Hi- I'm a new (noob) Ardupilot user (just installed the V2 purple kit in a Sky Surfer) and I'm having an issue with the stabilize mode. I set the plane up on a bench stand (everything level), let the board boot up (I let it sit for a few minutes) and flipped the switch on my tx to stabilize. The ailerons stayed level but the elevator went up about 15 degrees. What the heck am I doing wrong? Moving the plane manually on all 3 axis causes the control surfaces to move in the proper direction, but the elevator is still deflected up higher than it should be. The RTL mode works great with nice lazy circles about 200 or so feet above me.
Try clicking the "Level" button in the MP config screen.
I did that a few times already. I just reinstalled the firmware/ started over and now it works. I think the problem was I uploaded the Bixler parameters and that made things goofy.
Here's what was probably happening:
The controllers that ardupilot uses to control pitch and roll are called proportional-integral-derivative (PID) controllers. They have 4 tunable parameters:
Proportional (P): how much the control surface deflects for a given angle error. Angle error is in centidegrees, control surface is between -4500 and 4500. So, with P gain 1.0, you will get full elevator deflection when the pitch is off by 45 degrees.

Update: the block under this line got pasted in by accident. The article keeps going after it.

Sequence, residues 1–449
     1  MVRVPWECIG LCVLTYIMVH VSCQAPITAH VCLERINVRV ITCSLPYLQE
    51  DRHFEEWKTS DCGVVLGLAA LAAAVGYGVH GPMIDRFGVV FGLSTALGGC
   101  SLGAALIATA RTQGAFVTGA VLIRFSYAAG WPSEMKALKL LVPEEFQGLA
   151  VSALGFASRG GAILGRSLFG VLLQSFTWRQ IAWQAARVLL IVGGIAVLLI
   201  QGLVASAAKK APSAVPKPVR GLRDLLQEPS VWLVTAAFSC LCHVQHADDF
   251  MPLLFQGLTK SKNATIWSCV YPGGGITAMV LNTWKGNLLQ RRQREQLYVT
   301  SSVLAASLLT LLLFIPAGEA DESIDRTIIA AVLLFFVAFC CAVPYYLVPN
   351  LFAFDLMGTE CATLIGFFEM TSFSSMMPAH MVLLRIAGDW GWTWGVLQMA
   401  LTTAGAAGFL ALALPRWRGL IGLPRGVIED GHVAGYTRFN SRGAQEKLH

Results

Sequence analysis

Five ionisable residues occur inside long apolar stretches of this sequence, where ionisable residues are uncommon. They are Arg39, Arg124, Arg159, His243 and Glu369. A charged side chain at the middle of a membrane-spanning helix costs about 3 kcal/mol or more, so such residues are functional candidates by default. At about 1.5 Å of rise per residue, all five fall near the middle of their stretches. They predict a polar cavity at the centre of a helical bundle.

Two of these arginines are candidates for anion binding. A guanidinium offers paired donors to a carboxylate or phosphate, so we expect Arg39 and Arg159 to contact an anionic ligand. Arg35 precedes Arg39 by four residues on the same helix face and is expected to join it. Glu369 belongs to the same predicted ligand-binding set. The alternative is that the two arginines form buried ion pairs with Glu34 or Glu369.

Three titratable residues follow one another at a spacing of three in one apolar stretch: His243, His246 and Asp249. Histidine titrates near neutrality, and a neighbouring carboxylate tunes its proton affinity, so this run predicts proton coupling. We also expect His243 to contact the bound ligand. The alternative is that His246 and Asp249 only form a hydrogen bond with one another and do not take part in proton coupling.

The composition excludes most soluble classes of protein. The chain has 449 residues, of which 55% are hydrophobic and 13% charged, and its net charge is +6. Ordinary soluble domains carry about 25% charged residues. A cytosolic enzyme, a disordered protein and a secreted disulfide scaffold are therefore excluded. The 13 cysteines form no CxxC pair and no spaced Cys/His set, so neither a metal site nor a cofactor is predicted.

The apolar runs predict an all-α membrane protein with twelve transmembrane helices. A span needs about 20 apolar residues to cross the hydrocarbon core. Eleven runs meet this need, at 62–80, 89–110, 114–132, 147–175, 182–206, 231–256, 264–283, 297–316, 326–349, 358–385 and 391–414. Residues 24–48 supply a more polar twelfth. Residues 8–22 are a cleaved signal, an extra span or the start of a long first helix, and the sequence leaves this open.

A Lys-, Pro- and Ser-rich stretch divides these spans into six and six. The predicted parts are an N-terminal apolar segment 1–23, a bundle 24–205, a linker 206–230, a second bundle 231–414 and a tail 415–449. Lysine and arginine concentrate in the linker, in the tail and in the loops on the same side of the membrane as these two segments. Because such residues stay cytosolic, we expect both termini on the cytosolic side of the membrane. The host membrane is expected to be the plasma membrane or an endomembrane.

Integral (I): There is an integrator (just a stored number) which is added to the control surface output. This gain determines how much is added to that integrator every second for a given error. This is likely where you had trouble. Even with the smallest error, the integrator will keep slowly pushing the elevator up, trying to get rid of the error. Thus, you had a steady deflection on your elevator.
Integrator limit (IMAX): Maximum value of the integrator, so if you set this to 5 in the mission planner, it will limit the integrator to 5 degrees of deflection.
Derivative (D): This gain adds deflection based on rate of change in your angle. So if there's a sudden disturbance, it will react instantly to it. This also acts to kind of slow the whole loop down, since it adds opposite deflection when the other gains are trying to do things.
OK- I'm starting to figure it out. Thanks for the response.